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Healthy habits: Exercise, treatments help teen with cystic fibrosis

Staff Photo: Jason Braverman. Emma D'Agostino was diagnosed with cystic fibrosis at two weeks old and has endured 17 years of treatments, sinus complications, hospital stays and antibiotics. D'Agostino has also competed nationally as an Irish dancer since she was 13, and she is an all-state flutist in her school band. Above, she shows off her many medals she has won.

Staff Photo: Jason Braverman. Emma D'Agostino was diagnosed with cystic fibrosis at two weeks old and has endured 17 years of treatments, sinus complications, hospital stays and antibiotics. D'Agostino has also competed nationally as an Irish dancer since she was 13, and she is an all-state flutist in her school band. Above, she shows off her many medals she has won.

NORCROSS -- A typical day for Emma D'Agostino includes breathing treatments in the morning and at night and exercise through an Irish dance class or a bike ride.

It's a routine that the 17-year-old said has helped maintain her health.

D'Agostino, who just completed her junior year at Norcross High School, has cystic fibrosis, an inherited chronic disease that affects the lungs and digestive system of about 30,000 children and adults in the United States, according to the Cystic Fibrosis Foundation.

A defective gene and its protein product cause the body to produce unusually thick, sticky mucus that clogs the lungs, which can lead to life-threatening infections. The mucus also obstructs the pancreas and stops natural enzymes from helping the body break down and absorb food.

In the 1950s, few children with cystic fibrosis lived to attend elementary school, according to the Foundation. Today, advances in research and medical treatments have further enhanced and extended life for children and adults with cystic fibrosis.

"There are people with CF living into their 50s and 60s," D'Agostino said. "Noncompliance (with treatment plans) is a huge issue for the CF population. ... I would not be as healthy as I am without all the exercise I've done."

D'Agostino was diagnosed with the disease when she was 2 weeks old. She said she was in and out of the hospital in the first few years of her life. Her symptoms calmed down when she was 4.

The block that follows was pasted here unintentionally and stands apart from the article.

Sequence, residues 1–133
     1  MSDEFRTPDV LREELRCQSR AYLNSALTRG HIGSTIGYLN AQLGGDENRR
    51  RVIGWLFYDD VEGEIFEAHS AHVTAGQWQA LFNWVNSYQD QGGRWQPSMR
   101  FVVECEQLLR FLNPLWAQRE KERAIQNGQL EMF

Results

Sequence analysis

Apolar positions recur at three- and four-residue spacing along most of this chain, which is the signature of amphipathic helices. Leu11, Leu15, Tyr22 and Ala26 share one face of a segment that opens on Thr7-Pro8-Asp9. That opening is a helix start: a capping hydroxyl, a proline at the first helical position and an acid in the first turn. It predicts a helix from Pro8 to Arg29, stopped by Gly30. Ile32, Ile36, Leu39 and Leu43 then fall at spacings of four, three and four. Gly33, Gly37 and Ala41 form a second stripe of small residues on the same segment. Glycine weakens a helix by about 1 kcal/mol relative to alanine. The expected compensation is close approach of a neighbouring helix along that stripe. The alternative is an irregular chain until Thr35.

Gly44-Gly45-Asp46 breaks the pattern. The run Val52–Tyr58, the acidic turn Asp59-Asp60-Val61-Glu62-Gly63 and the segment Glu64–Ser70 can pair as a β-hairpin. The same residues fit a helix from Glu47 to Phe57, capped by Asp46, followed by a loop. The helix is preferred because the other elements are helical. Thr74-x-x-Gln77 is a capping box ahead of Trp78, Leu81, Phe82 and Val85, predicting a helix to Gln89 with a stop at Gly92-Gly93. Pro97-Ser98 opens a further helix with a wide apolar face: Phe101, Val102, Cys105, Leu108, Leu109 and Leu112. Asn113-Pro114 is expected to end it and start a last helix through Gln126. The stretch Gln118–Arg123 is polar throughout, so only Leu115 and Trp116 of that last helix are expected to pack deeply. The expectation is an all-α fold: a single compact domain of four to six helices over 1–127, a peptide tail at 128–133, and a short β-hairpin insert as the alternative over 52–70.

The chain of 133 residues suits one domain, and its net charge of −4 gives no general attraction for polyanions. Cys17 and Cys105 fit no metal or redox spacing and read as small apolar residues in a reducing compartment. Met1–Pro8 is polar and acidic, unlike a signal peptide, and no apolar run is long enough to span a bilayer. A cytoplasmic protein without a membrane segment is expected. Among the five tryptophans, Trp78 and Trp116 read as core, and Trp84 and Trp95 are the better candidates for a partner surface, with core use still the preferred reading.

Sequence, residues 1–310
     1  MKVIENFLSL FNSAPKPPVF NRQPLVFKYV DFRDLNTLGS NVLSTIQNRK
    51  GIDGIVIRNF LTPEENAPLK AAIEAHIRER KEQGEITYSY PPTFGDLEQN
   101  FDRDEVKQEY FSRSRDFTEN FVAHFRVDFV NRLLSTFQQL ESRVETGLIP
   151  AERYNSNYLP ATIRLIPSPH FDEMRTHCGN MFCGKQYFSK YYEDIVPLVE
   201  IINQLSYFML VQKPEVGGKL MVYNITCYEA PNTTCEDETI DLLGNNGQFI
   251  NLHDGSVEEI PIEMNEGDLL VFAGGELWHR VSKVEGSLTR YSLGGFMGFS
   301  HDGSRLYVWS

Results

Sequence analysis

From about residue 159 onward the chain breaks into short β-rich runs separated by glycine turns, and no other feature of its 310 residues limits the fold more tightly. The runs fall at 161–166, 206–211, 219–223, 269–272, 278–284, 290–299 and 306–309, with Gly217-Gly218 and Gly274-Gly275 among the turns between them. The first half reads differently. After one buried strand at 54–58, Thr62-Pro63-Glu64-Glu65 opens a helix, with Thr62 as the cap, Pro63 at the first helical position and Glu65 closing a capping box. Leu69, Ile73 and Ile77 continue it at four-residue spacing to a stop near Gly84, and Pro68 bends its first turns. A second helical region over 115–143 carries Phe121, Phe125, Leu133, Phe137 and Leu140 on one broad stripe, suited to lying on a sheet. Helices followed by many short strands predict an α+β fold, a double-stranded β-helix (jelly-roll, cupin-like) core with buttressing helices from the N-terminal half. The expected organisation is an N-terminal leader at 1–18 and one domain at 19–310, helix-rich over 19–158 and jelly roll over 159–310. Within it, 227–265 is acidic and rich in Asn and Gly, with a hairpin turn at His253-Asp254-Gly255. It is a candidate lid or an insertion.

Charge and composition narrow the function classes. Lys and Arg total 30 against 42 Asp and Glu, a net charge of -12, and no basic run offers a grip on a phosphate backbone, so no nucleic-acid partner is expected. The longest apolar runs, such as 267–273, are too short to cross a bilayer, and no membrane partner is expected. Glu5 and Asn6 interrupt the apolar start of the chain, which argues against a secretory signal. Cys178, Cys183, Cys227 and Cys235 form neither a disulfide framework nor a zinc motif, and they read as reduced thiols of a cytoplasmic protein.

That was also the year that she became interested in Irish dance.

"Riverdance was on PBS every night," D'Agostino said. "My brother and I would sit on the couch and watch. I said, 'I want to do that.'"

Her family found her a dance instructor, and she still goes to lessons a couple times a week. D'Agostino also participated in several competitions but stopped dancing competitively this year to focus on playing the flute.

"For the most part, I can do anything and everything," she said. "I don't notice (the CF) until I get sick. I have almost normal lung function, and if I can't breathe, I'm going to fix it right away."

D'Agostino said the disease has become more noticeable as she's aged. Her rigorous treatment schedule has prevented her from taking a first period class at Norcross, and she makes up the missed credits during summer school.

During her upcoming senior year, D'Agostino said she plans to take International Baccalaureate classes, including Calculus BC and French, and play in the band.

She just started the college search and said she's interested in studying biomedical engineering and genetic research at Georgia Tech. She's also planning to apply to University of South Carolina, University of North Carolina and Vanderbilt University.

Through engineering and research classes, D'Agostino said she's interested in exploring ways to fix or treat the genetic defect that causes cystic fibrosis.

"I'd like to work on CF," she said. "I think it would be cool to work on it and make a difference."